Pro Cycling route to include thrilling dash to finish, ride along popular Twentymile |

Pro Cycling route to include thrilling dash to finish, ride along popular Twentymile

Dan Kohler rides on Twentymile Road on Thursday. The route for the USA Pro Challenge cycling race was announced earlier in the day, and for the first time, the popular road for area bikers will be used. The race will enter town from the southeast after starting in Breckenridge, and then exit a day later on Twentymile to Oak Creek and south to Beaver Creek.

— The USA Pro Challenge's 2011 visit to Steamboat Springs was marked by plenty of memorable emotions and moments. There was the intense anticipation as the racers approached, the massive crowd that filled downtown and erupted during the awards ceremony, the meet and greet with world-famous riders in the Meadows Parking Lot the ensuing day and the peloton's winding tour through town on its way out.

Maybe no moment stood out more than the race's arrival, a desperate sprint down Lincoln Avenue that featured all the subtlety of a jet airliner landing downtown complete with a speed-induced "whoosh" that left thousands turning to each other mouthing, "wow!"

Fans found out Thursday that they'd better secure their finish-line viewing spot early because that "whoosh" will be back.

Steamboat was announced in December as the host for two stages of the third annual Pro Challenge, and on Thursday, the details of that honor were made clear when the course for the 2013 race was released.

The third stage, Aug. 21, will start in Breckenridge, race up Colorado Highway 9 and finish in downtown Steamboat. The race will begin again the next day in Steamboat, work through town and exit on Twentymile Road before joining Colorado Highway 131 in Oak Creek and proceeding to finish in Beaver Creek.

"Those two days, those were two of my favorite days in Steamboat," Steamboat Springs cyclist Ben Clark said about the 2011 race. "I loved the energy and watching those guys go for it. I'll absolutely be downtown again."

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Stage 3, Breckenridge to Steamboat Springs

According to local cycling fans, the route has a lot to like.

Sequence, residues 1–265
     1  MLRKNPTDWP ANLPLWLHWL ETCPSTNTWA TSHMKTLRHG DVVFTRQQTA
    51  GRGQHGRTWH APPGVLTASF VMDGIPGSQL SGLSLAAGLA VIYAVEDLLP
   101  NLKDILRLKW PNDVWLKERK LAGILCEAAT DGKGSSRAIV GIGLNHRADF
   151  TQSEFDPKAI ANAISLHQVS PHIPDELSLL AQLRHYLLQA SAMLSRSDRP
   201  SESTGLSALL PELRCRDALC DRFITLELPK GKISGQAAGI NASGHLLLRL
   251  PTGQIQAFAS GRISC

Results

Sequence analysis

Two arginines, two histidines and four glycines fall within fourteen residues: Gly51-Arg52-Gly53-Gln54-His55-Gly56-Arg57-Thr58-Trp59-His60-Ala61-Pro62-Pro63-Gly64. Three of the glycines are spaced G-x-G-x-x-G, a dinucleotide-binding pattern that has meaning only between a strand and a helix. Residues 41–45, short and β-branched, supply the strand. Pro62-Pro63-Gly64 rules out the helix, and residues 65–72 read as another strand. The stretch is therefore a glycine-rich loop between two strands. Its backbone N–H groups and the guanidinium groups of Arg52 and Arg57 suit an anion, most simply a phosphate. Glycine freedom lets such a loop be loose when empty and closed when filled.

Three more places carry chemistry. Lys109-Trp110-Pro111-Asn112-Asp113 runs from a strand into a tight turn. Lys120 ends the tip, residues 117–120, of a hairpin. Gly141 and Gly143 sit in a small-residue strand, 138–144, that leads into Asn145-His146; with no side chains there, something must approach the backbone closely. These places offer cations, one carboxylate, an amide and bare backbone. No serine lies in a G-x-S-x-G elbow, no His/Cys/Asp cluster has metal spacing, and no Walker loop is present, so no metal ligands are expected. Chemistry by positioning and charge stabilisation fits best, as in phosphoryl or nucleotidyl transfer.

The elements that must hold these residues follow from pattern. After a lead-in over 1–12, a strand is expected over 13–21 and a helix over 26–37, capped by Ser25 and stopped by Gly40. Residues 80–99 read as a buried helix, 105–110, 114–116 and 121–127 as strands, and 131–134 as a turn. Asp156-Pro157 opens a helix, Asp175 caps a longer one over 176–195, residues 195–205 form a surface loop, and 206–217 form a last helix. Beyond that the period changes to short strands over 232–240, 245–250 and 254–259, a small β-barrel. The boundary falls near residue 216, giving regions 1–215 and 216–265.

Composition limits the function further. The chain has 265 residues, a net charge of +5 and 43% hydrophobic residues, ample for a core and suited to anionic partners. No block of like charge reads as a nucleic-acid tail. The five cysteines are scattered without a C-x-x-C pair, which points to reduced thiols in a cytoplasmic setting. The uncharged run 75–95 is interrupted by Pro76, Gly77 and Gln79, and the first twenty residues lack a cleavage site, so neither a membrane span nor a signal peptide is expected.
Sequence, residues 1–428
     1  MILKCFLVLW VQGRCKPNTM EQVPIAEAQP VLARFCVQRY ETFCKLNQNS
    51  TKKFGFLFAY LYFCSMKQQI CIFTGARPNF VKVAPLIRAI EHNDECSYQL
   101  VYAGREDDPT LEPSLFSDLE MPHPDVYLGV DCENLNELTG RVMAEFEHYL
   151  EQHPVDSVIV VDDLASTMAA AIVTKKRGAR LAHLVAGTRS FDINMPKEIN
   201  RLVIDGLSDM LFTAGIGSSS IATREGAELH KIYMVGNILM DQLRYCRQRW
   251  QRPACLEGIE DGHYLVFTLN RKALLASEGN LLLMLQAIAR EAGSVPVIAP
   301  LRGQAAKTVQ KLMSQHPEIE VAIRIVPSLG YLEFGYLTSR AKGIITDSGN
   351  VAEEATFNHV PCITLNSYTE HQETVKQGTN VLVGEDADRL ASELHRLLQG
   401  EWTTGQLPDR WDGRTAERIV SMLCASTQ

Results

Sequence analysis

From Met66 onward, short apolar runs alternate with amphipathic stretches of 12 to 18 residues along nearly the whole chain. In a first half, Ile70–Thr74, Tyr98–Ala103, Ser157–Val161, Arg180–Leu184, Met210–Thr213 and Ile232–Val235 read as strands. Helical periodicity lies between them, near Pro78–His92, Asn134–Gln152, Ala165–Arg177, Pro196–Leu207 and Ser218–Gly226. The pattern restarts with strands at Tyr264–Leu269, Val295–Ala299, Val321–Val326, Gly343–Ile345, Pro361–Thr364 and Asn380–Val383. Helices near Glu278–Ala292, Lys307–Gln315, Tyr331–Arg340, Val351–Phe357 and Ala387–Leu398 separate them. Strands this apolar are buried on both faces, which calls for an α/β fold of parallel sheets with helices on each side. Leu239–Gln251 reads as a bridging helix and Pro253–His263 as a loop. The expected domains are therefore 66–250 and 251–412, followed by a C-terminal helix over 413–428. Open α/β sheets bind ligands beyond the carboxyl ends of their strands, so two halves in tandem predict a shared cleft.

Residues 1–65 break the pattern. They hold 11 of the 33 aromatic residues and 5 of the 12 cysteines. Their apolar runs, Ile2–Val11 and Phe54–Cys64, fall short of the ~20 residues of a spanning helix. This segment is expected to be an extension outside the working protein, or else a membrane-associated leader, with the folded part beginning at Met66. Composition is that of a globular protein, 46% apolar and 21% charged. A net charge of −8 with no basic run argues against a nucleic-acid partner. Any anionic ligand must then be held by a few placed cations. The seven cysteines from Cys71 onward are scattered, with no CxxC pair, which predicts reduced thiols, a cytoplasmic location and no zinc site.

Roughly speaking, the course is reversed from the 2011 schedule, but that one big change could alter the nature of the race locally.

One of the highlights in the race's first Steamboat stint was the second-day climb from town to the top of Rabbit Ears Pass. Fans flocked to the top of that road ahead of the riders. The peloton was strung out by the intensity of the challenge, 3,000 feet of elevation gain along U.S. Highway 40. The riders reached the summit in small groups, and there they found thousands of fans roaring, some running next to the riders while decked head to toe in wild costumes.

"Things were spread out because of the length of that climb," said Corey Piscopo, an avid local cyclist and director of the Steamboat Stage Race.

"Riders were coming through for about a 10-minute period, so that was really cool," he said. "I'm sure it will be the same type of scene this year."

Perhaps, but the climb from the northwest, Steamboat to the summit, is much more steep than the climb from the southeast, Muddy Pass to the summit, reducing the chance of a widely splintered group and making a sprint finish into downtown Steamboat likely.

The stage, 106.1 miles in total, starts at about 9,400 feet in elevation in Breckenridge, climbs only slightly higher over Swan Mountain in the first 10 miles, then descends for the next 45 miles, bottoming out in Kremmling at about 7,400 feet. The climb to the Rabbit Ears summit is gradual, gaining about 750 feet in 30 miles on U.S. Highway 40, then gaining another 1,200 in the next 10 miles. The climb from the other direction is about 3,000 feet in 10 miles.